Americans are possibly more afraid than they have ever been. Afraid enough to buy gas masks and guns, afraid enough to see the most innocuous events as sinister and threatening, even afraid enough to treat neighbors as the enemy if they don’t look right. As Franklin Roosevelt said of the Depression in his first inaugural address, “the only thing we have to fear, is fear itself.” So it may be useful to understand the science that explains the roots of fear.
The human species tends to perceive risks within certain patterns. We’re all afraid of similar things, for similar reasons. The field of science that studies these patterns is called “risk perception.” Researchers like Paul Slovic, Baruch Fischoff, Amos Tversky, Daniel Kahneman and others have identified roughly two dozen risk-perception factors — characteristics of risks that make us more, or less, afraid. These are the subconscious tools we use to “decide” what to be afraid of and how afraid to be.
These tools developed over evolutionary time, as the organisms that learned how to recognize and respond to danger survived, and those that didn’t — didn’t. The patterns of how the human animal perceives and responds to risk have their roots in an ancient past that predates humans, and certainly predates the relatively recent development of our modern thinking brains. This may explain why we respond to risk so much more with fear than with cold factual analysis.
Here are the risk-perception factors that help us understand why our fear right now is so high.
What are you more afraid of: being eaten by a shark or dying of a heart attack in your sleep? Both leave you equally as dead, but one — being eaten alive — is a more dreadful way to go. Risk perception research has found that we are more afraid of risks that kill us in really awful ways than risks that lead to deaths that are more peaceful. Deaths from acts of terrorism rate high on the “Dread” scale.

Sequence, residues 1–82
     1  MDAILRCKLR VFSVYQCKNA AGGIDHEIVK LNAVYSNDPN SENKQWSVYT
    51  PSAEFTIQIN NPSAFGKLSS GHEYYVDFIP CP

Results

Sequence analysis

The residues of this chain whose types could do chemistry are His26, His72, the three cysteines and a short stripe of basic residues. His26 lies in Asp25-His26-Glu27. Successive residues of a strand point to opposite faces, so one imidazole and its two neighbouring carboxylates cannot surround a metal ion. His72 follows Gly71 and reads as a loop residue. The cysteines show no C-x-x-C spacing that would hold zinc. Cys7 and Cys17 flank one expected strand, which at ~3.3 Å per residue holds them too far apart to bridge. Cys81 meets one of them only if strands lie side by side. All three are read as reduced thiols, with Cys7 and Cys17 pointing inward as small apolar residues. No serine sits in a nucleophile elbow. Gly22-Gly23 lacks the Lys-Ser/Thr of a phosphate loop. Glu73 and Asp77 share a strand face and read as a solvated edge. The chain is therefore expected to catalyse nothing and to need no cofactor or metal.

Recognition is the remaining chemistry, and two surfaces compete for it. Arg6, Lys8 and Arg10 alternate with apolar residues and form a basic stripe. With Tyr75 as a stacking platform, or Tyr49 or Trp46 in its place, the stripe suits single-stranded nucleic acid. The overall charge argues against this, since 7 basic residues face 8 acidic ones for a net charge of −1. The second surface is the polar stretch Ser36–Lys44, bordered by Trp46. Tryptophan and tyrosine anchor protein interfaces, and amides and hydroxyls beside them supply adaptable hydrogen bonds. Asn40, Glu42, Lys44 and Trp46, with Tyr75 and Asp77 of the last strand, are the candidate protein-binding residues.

What risks are you aware of these days? Anthrax attack or other biological or chemical terrorism, airplane hijackings, bombings — in short, risks of terrorism. Are you aware of global climate change, or street crime, or mad cow disease? These risks haven’t gone away. They just aren’t on the radar screen of our daily consciousness right now. We tend, as a species, to be more afraid of risks we’re more aware of. Terrorism also rates high on the “Awareness” scale.
New vs. familiar
We have never faced this kind of terrorist threat before. It’s new. Risk-perception research finds that we are much more afraid of risks that are new, and less afraid of risks once we’ve lived with them for a while and gotten familiar with them. Compare the paralytic effect of fear on us right now, to the way people in London and Jerusalem are living their lives. They have gotten used to the threat of terrorism, put it in perspective, and found ways to rein in their fear to something more reasonable. Or compare the moderate concern about West Nile virus in New York this past summer to the panic that gripped many New Yorkers a couple summers back when the disease first showed up. The risk isn’t gone, and people are not un-afraid. But they are less afraid now that they’ve lived with the risk long enough to put it in perspective. Like the people in London and Jerusalem, this is probably how we will adjust in the months ahead, even if occasional attacks continue.
Me vs. them
As never before, the risk of terrorism is now real for each one of us in America. Before, it used to be something that might happen to “them,” somewhere else. Even when it was Americans who were attacked, they were in embassies in Kenya and Tanzania, military housing in Saudi Arabia or on a ship in Yemen. Now, as never before, the risk is to you and me, not just “them.” When we see any risk as a risk to ourselves, we are more afraid than if we see the same risk as only threatening somebody else.